Between 5 and 7 weeks of pregnancy, the dog's nipples undergo noticeable alterations. They become more prominent and take on a darker hue. These changes result in increased blood flow and hormonal shifts. This indicates that the mammary glands are maturing to produce milk.

    At this stage, you may observe that your dog starts shedding some of her belly hair. This natural process, "blowing her coat," is beneficial for the upcoming nursing phase. The reduced hair around the nipples makes it easier for the newborn puppies to locate and access their mother's nipples for milk.

    Furthermore, as the pregnancy progresses, you might notice a cloudy fluid called "colostrum" leaking from your dog's nipples. Colostrum is the first milk produced by the dog's mammary glands, and it plays a crucial role in the early development and immunity of puppies. It is packed with all the essential nutrients and antibodies.

    Thus, it provides vital support to newborns during their initial days of life.

  • After pregnancy

    After a female dog gives birth to its puppies, she produces milk to nurse and care for them. This milk production stimulates her nipples, causing them to become larger and fuller.

    As the mother dog moves around, you may observe her nipples hanging down due to the weight of the milk she's carrying. Throughout the nursing period, the nipples remain swollen and maintain a reddish or pinkish color.

    As the puppies gradually wean off their mother's milk and begin eating solid food, the mother's nipples will slowly return to their normal size and appearance.

    However, in some female dogs, the nipples may not fully shrink back to their pre-pregnancy size. Instead, they might remain slightly enlarged and more visible after nursing.

Normal Dog Nipples vs Pregnant

Pregnant dog nipples undergo significant changes to prepare for motherhood and nursing. When a dog is pregnant, her nipples get bigger and more noticeable.

As the pregnancy progresses, the color of the nipples deepens into a pinkish hue, and they may appear slightly swollen and protrude more than usual.

These changes are essential adaptations that enable the mammary glands to produce milk, which will be crucial for feeding and caring for the newborn puppiess after they are born.

Once the puppies arrive, the mother dog's nipples play a vital role in nursing and providing essential nutrients and antibodies to support the puppies' growth and immune system development.

Normal dog nipples, especially in male dogs, are not easily visible. They are typically flat and blend in with the surrounding skin color.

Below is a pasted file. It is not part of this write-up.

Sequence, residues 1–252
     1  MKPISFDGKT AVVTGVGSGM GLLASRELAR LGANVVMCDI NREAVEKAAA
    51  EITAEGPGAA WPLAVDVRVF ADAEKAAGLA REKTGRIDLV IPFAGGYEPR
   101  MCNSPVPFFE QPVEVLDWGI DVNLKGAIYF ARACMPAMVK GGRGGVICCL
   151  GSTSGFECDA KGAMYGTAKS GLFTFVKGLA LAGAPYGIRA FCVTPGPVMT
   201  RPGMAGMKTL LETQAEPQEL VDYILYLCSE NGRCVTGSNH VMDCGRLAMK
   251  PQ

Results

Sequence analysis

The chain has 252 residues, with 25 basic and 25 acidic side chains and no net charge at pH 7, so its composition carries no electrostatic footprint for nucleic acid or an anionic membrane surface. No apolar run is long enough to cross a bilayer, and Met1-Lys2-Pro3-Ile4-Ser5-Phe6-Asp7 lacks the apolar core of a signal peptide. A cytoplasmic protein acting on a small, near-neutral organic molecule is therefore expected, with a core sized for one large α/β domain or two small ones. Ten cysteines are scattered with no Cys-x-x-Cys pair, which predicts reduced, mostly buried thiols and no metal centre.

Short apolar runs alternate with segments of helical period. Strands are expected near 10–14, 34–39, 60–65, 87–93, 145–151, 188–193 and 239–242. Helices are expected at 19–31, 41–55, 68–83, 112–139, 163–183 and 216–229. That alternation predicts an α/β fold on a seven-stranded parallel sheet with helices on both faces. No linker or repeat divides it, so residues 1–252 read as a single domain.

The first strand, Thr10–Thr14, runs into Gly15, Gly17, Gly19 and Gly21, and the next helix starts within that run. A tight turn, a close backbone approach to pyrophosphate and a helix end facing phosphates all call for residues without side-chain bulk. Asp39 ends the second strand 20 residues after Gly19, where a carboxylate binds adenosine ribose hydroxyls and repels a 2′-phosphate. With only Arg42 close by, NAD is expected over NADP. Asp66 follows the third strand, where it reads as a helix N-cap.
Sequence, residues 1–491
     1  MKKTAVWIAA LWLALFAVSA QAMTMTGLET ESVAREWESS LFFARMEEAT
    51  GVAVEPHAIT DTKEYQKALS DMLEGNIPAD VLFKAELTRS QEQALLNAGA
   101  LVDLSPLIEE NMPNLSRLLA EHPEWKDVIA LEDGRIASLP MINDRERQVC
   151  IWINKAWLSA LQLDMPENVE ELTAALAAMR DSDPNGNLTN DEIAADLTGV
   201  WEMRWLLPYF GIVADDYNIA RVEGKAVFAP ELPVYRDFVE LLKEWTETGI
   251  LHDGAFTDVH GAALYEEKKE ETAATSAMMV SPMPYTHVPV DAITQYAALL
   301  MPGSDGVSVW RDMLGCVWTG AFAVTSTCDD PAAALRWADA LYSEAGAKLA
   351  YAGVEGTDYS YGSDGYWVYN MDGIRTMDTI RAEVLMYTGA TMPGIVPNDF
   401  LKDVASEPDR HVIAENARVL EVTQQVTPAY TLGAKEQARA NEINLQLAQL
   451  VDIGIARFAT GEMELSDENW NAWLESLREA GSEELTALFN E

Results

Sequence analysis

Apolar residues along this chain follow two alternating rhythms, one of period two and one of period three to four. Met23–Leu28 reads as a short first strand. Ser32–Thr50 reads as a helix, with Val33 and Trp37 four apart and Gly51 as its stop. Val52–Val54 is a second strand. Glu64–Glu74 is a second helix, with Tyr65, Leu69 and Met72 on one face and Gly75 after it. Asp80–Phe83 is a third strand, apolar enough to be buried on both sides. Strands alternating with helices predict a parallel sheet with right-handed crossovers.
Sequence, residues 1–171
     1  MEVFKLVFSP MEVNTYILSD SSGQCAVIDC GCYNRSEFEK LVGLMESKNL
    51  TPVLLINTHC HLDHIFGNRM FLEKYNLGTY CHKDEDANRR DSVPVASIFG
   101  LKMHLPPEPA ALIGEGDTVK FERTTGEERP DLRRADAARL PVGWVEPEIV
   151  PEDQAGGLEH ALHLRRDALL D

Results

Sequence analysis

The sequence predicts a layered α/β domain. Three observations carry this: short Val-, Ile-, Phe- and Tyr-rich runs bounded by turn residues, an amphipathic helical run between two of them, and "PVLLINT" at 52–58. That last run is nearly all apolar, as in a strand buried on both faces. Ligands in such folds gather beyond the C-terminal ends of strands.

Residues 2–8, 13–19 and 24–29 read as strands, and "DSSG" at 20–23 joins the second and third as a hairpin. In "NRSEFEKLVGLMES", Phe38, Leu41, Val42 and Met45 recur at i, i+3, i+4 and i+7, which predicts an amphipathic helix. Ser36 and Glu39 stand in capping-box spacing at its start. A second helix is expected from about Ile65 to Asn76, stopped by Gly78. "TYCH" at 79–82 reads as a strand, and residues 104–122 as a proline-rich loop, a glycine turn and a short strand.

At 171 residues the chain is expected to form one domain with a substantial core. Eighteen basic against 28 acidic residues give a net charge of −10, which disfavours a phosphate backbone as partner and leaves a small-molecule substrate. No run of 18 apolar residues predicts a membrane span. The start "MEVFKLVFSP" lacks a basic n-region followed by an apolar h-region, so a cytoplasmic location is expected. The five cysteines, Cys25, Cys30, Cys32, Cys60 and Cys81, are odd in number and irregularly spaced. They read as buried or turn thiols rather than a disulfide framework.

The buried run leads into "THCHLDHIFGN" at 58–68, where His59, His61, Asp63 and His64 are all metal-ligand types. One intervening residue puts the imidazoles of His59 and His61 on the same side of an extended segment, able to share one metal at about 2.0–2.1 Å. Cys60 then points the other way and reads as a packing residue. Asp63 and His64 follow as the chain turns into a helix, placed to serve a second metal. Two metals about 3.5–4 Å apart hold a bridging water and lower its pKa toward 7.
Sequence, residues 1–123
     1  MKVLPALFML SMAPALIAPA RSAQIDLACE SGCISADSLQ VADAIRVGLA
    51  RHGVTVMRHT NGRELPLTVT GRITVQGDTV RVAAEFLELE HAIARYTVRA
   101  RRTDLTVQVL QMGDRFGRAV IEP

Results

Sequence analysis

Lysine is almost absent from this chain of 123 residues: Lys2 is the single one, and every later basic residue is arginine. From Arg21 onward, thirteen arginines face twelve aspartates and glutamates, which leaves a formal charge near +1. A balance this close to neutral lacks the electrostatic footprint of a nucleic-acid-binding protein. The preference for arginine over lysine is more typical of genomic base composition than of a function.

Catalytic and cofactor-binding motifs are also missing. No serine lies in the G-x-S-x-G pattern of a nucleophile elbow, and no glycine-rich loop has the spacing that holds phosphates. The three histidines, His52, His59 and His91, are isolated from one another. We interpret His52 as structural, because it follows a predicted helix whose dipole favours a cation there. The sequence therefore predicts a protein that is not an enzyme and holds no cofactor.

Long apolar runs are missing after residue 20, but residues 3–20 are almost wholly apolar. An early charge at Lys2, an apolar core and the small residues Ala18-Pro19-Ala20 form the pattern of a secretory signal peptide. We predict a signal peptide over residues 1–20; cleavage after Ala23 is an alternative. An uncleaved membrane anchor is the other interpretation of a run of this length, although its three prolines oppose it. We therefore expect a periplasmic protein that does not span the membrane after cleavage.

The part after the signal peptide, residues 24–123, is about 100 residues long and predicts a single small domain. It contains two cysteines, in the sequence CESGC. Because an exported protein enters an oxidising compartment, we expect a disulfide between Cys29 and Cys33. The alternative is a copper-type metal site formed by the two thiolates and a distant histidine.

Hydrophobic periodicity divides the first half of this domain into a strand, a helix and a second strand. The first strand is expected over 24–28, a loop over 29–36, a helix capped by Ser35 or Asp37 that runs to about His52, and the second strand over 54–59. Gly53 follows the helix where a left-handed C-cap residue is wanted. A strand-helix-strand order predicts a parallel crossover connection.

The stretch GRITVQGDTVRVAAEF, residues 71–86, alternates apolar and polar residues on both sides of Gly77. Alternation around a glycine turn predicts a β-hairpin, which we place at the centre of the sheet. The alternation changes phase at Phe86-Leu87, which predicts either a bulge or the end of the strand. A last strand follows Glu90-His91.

In non-pregnant and non-lactating female dogs, the nipples also remain inconspicuous and inactive. They serve only a significant function if the dog becomes a mother in the future.

The contrast between pregnant and normal dog nipples highlights the remarkable changes in a dog's body during pregnancy and motherhood.

Understanding these differences is crucial for pet owners to provide appropriate care and support during a dog's pregnancy and nursing phase. Proper attention and care for the mother dog's nipples ensure the well-being of both the mother and her precious puppies during this critical period of their lives.

Final Words!

Knowing the difference between regular dog nipples and those of a pregnant dog helps us understand more about how dogs' bodies work. Normal dog nipples are found in both male and female dogs and don't have any special role.

However, when a dog is pregnant, her nipples change. They become bigger and darker and prepare to make milk for the puppies. Paying attention to these changes is essential for caring for pregnant dogs and their growing families.

Understanding these differences can help us provide better care for our furry friends throughout their lives and the lives of their puppies.


Can I tell a dog is pregnant by its nipples?

Determining if you have a pregnant dog solely based on their nipples is impossible. Nipples do not show any significant changes until several weeks into the pregnancy. By that time, other noticeable pregnancy symptoms are likely to be present. Therefore, relying solely on the appearance of nipples is not a reliable method to diagnose canine pregnancy. This can also increase the chances of false pregnancy.

Will my dog's nipples go back to normal after dog pregnancy?

After the nursing period, some female dogs' nipples may return to their pre-pregnancy size and appearance. However, in some cases, they may remain slightly enlarged and more noticeable, varying from dog to dog. These changes are generally not a cause for concern.

Are there any signs of nipple problems or infections I should watch out for in a pregnant or nursing dog?

Yes, signs of concern include redness, swelling, discharge, or heat around the nipples. Additionally, if the mother dog shows apparent signs of discomfort during nursing, such as growling or avoiding the puppies, it may indicate a problem. If you notice any unusual signs, consult a veterinarian for a thorough evaluation.

Back to blog
1 of 4
Back to blog